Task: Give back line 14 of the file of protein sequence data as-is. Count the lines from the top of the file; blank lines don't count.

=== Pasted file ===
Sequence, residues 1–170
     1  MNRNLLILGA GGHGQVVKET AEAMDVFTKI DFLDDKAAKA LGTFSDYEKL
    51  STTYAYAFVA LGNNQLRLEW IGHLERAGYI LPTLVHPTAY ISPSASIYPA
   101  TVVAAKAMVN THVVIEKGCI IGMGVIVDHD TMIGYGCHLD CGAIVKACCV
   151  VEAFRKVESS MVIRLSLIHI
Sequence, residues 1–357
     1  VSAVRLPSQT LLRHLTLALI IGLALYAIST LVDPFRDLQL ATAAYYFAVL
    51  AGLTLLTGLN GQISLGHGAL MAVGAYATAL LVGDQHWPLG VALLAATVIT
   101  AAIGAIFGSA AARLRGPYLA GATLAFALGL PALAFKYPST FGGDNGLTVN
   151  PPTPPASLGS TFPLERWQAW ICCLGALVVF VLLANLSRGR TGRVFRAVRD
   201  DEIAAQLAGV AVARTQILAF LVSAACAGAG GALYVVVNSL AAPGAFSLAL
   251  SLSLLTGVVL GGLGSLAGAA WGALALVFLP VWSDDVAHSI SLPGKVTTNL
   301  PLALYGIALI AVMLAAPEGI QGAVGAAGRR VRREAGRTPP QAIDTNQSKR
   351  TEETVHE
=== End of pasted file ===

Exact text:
   351  TEETVHE